The 12th was organized at Camp Randall in October 1861. By the 11th of January following, it left camp and route to Weston, Missouri. It was during the coldest weather of the season. Unable to cross the river at Hannibal, the regiment in order to reach a point of crossing performed a march of 22 miles down the river with the thermometer below zero, and suffered severely. From Weston it proceeded to Leavenworth, Kansas, on the 15th of February. On the first of March it sent out for Fort Scott, and marched 160 miles in six days. Twenty days later, it was ordered to Lawrence, involving another march of 115 miles. About this time, Jim Lane conceived the idea of an expedition to New Mexico. About two weeks later, the 12th was ordered with other troops to Fort Riley, and performed another march of 120 miles. On reaching there, the expedition was abandoned, and they marched 125 miles back to Leavenworth, reaching their that 27th May, 1862. Thence they embarked, and went down the river to St. Louis, and from there were sent to Columbus, Kentucky, reaching the place on the 2d of June. They were engaged in that vicinity and repairing the Mobile and Ohio Railroad, and removed to Humboldt early in July. There, a part of the regiment was mounted in employed in scouting the adjacent country, and fighting guerrillas until October, when it moved to Bolivar and was attached to the 17th Army corps. After the battle off Corinth, it marched in pursuit of the rebels, making thirty miles in ten hours, and arriving at the Hatchee just too late to participate in the battle. It joined in the movement of the Army South which was frustrated by the surrender of Holly Springs, and in the following February was stationed on the Memphis and Charleston road doing guard duty. On the 14th of March, 1863, it went to Memphis. Soon after, Col. Bryant, with the 12th and some other troops, started on the expedition for the Coldwater, cooperating with Smith against the rebels under Chambers. Encountering the enemy at Hernando, a sharp skirmish occurred, and which the rebels were routed with the loss of seven officers and sixty men left prisoners in our hands, besides their killed and wounded, who were carried off. There was sharp skirmishing the following day with the enemy, who were diverted by this expedition while General Garrison made his famous raid.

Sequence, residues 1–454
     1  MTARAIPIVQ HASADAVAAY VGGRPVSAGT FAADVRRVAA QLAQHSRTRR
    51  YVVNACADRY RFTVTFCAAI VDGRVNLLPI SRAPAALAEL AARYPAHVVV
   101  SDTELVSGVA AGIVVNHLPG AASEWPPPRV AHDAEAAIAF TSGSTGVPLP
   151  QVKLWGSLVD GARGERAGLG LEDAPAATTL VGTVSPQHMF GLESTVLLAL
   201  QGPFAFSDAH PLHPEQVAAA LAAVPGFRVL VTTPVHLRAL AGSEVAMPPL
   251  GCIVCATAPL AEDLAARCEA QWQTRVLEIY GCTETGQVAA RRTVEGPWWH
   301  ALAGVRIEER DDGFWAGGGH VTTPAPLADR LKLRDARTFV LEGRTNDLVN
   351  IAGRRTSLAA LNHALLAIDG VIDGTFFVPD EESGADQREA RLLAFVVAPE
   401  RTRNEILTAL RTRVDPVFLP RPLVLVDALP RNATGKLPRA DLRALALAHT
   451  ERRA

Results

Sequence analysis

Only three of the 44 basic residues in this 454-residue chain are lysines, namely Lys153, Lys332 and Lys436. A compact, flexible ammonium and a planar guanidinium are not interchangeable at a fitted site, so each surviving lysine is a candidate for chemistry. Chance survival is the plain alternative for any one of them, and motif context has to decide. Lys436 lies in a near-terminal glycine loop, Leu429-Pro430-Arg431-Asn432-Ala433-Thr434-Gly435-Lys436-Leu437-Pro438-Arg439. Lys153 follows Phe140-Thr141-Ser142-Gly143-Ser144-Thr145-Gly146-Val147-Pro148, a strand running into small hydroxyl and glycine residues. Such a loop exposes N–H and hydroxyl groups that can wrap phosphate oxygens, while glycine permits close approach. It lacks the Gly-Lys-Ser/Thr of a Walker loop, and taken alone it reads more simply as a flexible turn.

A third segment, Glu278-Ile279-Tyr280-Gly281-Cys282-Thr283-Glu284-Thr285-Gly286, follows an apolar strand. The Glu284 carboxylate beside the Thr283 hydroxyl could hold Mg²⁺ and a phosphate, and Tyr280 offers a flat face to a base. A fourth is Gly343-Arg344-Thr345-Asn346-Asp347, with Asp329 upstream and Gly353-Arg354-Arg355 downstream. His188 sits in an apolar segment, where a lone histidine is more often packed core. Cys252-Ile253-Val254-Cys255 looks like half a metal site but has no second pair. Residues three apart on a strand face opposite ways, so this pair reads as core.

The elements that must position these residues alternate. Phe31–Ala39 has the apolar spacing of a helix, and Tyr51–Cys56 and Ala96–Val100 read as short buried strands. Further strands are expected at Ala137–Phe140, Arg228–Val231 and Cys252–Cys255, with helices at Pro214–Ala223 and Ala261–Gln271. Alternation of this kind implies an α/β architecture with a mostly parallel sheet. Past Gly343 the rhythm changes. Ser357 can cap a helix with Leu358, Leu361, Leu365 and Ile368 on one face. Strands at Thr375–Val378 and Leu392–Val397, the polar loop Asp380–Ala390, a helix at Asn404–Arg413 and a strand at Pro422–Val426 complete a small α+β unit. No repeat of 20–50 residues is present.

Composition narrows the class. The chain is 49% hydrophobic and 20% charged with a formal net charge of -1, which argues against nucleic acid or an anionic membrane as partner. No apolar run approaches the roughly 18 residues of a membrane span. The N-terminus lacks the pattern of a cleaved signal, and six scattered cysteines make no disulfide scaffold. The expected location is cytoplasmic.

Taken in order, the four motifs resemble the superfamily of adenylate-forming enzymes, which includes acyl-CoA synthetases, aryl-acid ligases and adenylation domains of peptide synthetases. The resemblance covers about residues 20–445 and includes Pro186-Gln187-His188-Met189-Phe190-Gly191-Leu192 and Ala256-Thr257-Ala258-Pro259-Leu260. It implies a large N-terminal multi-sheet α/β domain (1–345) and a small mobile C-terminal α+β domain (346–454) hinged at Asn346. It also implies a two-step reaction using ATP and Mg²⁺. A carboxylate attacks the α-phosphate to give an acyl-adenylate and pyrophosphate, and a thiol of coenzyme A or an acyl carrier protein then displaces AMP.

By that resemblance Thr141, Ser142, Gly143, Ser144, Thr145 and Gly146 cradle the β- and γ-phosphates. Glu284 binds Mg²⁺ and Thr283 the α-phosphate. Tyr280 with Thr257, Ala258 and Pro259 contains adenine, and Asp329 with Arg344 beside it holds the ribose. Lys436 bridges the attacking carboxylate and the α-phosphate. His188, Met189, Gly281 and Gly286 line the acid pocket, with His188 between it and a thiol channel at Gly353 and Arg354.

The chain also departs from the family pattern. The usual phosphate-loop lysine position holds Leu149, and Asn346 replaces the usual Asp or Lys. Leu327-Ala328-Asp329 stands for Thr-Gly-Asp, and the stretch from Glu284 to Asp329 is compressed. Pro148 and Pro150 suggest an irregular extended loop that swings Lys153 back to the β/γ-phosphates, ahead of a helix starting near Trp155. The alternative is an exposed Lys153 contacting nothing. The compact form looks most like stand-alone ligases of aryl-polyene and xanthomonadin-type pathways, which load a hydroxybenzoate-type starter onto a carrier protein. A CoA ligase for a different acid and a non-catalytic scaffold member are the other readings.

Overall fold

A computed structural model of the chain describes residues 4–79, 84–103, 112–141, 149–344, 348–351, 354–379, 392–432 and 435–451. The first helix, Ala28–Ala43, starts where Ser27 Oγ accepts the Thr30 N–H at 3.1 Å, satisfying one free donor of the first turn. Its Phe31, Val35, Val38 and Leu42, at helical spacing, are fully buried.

The 12th embarked at Memphis on the 11th of May, enjoying Grants army, arriving at Grand Gulf on the 18th. Here they were left to garrison and fortified opposed until the 9th of June, doing a heavy work meantime in running off the slave population of the vicinity. They then proceeded to Vicksburg, and served in the trenches until its surrender. One man was killed and five wounded during this siege.

The next day, it marched with Sherman against Jackson, acting as skirmishers in the engagement on the 12th, but sustaining no loss. The place was subsequently evacuated by the rebels, and that 12th returned to Vicksburg, proceeding to Natchez on the 15th. The regiment was then employed in Natchez and vicinity, and more recently about Vicksburg, in guarding the river and hunting guerrillas, until the late expedition of General Sherman. Its experiences in this expedition were detailed by our correspondent "W," and Saturday's paper. The regiment was in the advance, and destroyed the 19th mile post on the railroad from mobile. In the fight at Jackson it lost three men killed and three wounded. From this sketch it will be seen that within the last two years the 12th has marched on foot nearly, if not quite, two thousand miles, and has fairly earned the title by which it is known by the Army - "The marching 12th."

The formal reception of the 12th has been postponed until tomorrow. It will occur in the park in case the weather is pleasant. The hour is not fixed, but a salute will be fired up on the arrival of the regiment at the park.